Review : Various Artists - Next Stop Soweto
PopmattersWhen Paul Simon released his bestselling Graceland album in 1986, an international audience became familiar with the South African township music that had inspired Simon and that sent him to record in Johannesburg. However, while Simon’s album represented a commercial pinnacle, the ground for the international exposure of urban South African music was being laid elsewhere. The South African Gallo label had compiled numerous compilations of township recordings by the mid-1980s (Simon’s inspiration was one such compilation, the impossible to locate Gumboots: Accordion Jive Hits). However, Earthworks’ The Indestructible Beat of Soweto (1985) probably made the most impact on the international market (honorable mention should also go to Zensor/Rough Trade’s Soweto from 1982 and Earthworks’ Zulu Jive from 1984). For many listeners, this was the ideal opportunity to be exposed directly to the music, rather than hear it filtered through the essentially American aesthetic of Simon’s work.
For anyone caught up in the epiphany of the Indestructible Beat album and its successors, the appearance of Strut’s Next Stop… Soweto, a three-volume project that kicks off with a compilation of mbaqanga music, is both an invitation to recall Earthworks’ groundbreaking work and an opportunity to reflect on the changes that 25 years of “world music” have wrought on the popular music landscape. It’s tempting to say that it is difficult to imagine a new compilation having the sort of impact that Indestructible Beat had because of the glut of anthologies on the market. But this would be inaccurate on at least two counts. First, there were plenty of compilations around in the mid-1980s. Secondly, there are doubtless a number of innovative anthologies covering emerging genres that will still have an important impact on certain sectors of society. It is just unlikely that a mbaqanga compilation will be one of those, given the genre’s association with the past—so many musical movements have come and gone in the intervening years....full text
IndependentWe've had plenty of vintage music from Mali, Nigeria and the Congo in recent years but very little from South Africa, so this CD is an exciting prospect for music lovers.
This is raw, joyous, and absurdly catchy township jive, primarily from the 1970s, that speaks of the resilience and optimism of a people with seemingly no way out of the vicious apartheid regime that even labelled black musicians criminals. For better or worse, there would be no Vampire Weekend if this stuff didn't exist. Indispensable....full text
BbcThe first in a three-part series showcasing ‘underground’ South African music of the 1960s and 1970s, this volume is subtitled ‘Township sounds from the golden age of mbaqanga’. More widely known as ‘township jive’, mbaqanga (a Zulu word for the local staple of steamed cornmeal bread) combined rural Zulu folklore and harmony vocals with ‘western’ guitars, drums and even brass. Mbaqanga was at its peak in the later part of this period, and aside from the opening maskanda (a related style) of the opening track, this compilation focuses largely on it.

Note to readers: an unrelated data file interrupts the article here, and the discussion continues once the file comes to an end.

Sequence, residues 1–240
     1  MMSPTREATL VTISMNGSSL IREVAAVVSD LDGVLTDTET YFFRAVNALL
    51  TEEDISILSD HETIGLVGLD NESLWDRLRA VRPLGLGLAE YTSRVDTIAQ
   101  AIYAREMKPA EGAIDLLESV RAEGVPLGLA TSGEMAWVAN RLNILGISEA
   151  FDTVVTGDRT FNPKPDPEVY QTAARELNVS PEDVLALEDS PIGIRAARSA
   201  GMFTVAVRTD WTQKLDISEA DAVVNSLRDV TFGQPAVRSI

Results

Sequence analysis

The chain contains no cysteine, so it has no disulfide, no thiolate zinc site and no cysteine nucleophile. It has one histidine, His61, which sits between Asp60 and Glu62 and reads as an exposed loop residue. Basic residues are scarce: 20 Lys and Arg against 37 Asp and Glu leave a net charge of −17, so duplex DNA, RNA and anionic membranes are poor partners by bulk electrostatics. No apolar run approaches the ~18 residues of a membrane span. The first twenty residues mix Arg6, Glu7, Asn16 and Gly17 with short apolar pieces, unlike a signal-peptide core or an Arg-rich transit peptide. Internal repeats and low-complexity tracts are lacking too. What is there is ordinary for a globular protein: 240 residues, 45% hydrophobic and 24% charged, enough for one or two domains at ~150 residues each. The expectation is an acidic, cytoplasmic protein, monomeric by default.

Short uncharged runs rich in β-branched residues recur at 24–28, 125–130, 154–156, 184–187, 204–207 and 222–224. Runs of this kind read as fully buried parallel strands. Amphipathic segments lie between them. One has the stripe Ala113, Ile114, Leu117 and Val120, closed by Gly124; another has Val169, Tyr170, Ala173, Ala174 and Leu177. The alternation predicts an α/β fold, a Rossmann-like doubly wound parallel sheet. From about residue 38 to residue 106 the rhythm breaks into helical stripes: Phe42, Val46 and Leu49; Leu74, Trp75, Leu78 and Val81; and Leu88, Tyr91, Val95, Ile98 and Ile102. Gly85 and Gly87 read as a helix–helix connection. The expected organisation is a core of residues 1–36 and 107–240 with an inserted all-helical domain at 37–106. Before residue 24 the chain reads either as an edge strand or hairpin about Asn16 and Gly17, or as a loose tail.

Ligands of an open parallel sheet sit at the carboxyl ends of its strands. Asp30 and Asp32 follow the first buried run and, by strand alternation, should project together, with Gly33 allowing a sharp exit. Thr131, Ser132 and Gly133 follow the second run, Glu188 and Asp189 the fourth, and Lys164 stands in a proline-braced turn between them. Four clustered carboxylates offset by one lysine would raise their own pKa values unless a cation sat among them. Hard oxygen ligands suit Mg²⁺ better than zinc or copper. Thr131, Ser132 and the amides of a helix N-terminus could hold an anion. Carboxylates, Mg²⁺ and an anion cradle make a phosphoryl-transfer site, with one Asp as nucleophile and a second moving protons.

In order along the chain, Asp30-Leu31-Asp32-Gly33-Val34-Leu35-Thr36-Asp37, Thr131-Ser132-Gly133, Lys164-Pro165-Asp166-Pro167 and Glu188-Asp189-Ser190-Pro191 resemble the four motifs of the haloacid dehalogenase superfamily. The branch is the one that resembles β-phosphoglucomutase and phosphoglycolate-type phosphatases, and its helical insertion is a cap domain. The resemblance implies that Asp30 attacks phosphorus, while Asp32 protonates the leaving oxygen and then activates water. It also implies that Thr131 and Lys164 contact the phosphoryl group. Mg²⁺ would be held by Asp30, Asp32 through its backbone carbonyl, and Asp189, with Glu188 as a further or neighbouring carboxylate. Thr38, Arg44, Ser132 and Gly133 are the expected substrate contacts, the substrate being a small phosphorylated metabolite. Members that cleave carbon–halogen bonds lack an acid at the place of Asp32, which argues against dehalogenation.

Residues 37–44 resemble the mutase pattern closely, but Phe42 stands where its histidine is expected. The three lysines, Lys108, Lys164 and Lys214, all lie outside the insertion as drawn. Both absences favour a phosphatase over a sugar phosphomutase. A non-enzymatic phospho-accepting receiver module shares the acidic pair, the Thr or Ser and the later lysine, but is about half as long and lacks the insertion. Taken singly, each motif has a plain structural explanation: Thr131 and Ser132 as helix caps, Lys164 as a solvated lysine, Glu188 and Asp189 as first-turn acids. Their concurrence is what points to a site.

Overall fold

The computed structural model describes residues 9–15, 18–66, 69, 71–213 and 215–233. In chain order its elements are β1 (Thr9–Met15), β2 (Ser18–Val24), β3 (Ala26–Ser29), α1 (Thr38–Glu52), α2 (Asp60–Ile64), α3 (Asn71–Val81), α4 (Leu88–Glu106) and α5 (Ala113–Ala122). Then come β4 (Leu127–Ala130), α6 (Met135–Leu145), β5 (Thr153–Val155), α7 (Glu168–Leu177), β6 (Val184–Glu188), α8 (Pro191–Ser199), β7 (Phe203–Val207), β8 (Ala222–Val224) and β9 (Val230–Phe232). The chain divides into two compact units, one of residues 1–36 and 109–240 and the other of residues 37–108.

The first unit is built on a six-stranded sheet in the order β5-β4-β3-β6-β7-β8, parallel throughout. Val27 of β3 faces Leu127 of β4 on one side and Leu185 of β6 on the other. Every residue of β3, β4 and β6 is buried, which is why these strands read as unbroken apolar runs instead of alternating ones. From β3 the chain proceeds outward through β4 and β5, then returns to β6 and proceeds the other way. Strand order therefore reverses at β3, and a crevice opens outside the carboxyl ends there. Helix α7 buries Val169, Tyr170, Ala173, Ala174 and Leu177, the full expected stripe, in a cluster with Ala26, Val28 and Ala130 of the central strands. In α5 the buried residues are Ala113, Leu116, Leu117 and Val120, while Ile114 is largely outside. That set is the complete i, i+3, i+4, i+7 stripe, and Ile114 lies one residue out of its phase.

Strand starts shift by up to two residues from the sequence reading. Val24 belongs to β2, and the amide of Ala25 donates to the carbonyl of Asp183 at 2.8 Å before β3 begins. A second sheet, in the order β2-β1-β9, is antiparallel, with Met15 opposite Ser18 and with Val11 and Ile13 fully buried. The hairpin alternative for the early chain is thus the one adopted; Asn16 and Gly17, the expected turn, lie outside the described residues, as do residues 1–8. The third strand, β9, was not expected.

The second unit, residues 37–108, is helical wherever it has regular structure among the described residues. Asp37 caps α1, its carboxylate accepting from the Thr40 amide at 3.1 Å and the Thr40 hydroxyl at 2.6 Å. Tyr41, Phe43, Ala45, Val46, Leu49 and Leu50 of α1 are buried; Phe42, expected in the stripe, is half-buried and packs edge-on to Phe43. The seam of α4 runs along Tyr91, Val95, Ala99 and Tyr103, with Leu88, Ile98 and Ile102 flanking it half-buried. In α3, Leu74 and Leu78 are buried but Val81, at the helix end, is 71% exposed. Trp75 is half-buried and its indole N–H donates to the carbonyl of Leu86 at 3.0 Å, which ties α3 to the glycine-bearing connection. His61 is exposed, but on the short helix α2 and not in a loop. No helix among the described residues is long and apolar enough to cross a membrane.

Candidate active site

The music is unmistakeably South African (and specifically Zulu), but its tough and rootsy grooves, plentiful hooks and amazing economy give it a broad appeal, and it still sounds fresh today. Few of these 20 tracks make it over three minutes, during which the musicians hit the ground running, kick arse and disappear in a heartbeat. Three-minute heroes, indeed.
The most successful mbaqanga act of the time was the wonderful Mahlathini and the Mahotella Queens. They’re represented here by four tracks, though the group’s name varies according to the producer, record company and associated musicians, which is a little confusing. Both Umkhovu and Nomacala were also featured on the fine Earthworks profile of Mahlathini called King of the Groaners (1993), and the two other songs are fairly average examples of their music.
Happily, there’s plenty of less-familiar material that makes this more worthwhile. Melotone Sisters with Amaqala Band seem to have a male singer, very much in the ‘groaner’ vocal style popularised by Mahlathini. Lucky Strike Sisters’ Mr J.S. Mpanza features a brilliantly theatrical dialogue in the middle, and perhaps the most infectious cut is Sikhwele, by Aba-Lilizeli, which sounds like it was mastered from some crusty but very tasty vinyl. Soul Chakari, 10 To 11 and ‘Iza Wena’ Happy Africa are the best of a handful of lovely, warm instrumentals which fade out all too quickly....full text
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